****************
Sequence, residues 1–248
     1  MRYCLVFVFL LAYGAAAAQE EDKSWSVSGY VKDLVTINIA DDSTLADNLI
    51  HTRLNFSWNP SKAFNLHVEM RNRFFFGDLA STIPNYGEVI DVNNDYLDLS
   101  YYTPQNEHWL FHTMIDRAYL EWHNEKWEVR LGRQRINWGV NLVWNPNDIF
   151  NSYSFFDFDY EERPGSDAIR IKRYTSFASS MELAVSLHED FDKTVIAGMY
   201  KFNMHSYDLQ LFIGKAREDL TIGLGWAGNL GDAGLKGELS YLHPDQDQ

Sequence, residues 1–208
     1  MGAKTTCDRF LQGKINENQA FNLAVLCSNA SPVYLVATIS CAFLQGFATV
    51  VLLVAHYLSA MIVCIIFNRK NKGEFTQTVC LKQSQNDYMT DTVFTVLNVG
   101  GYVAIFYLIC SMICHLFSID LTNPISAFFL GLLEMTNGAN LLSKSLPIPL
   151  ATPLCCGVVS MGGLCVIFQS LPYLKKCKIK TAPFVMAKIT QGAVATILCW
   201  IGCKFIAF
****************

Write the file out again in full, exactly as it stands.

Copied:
Sequence, residues 1–248
     1  MRYCLVFVFL LAYGAAAAQE EDKSWSVSGY VKDLVTINIA DDSTLADNLI
    51  HTRLNFSWNP SKAFNLHVEM RNRFFFGDLA STIPNYGEVI DVNNDYLDLS
   101  YYTPQNEHWL FHTMIDRAYL EWHNEKWEVR LGRQRINWGV NLVWNPNDIF
   151  NSYSFFDFDY EERPGSDAIR IKRYTSFASS MELAVSLHED FDKTVIAGMY
   201  KFNMHSYDLQ LFIGKAREDL TIGLGWAGNL GDAGLKGELS YLHPDQDQ

Sequence, residues 1–208
     1  MGAKTTCDRF LQGKINENQA FNLAVLCSNA SPVYLVATIS CAFLQGFATV
    51  VLLVAHYLSA MIVCIIFNRK NKGEFTQTVC LKQSQNDYMT DTVFTVLNVG
   101  GYVAIFYLIC SMICHLFSID LTNPISAFFL GLLEMTNGAN LLSKSLPIPL
   151  ATPLCCGVVS MGGLCVIFQS LPYLKKCKIK TAPFVMAKIT QGAVATILCW
   201  IGCKFIAF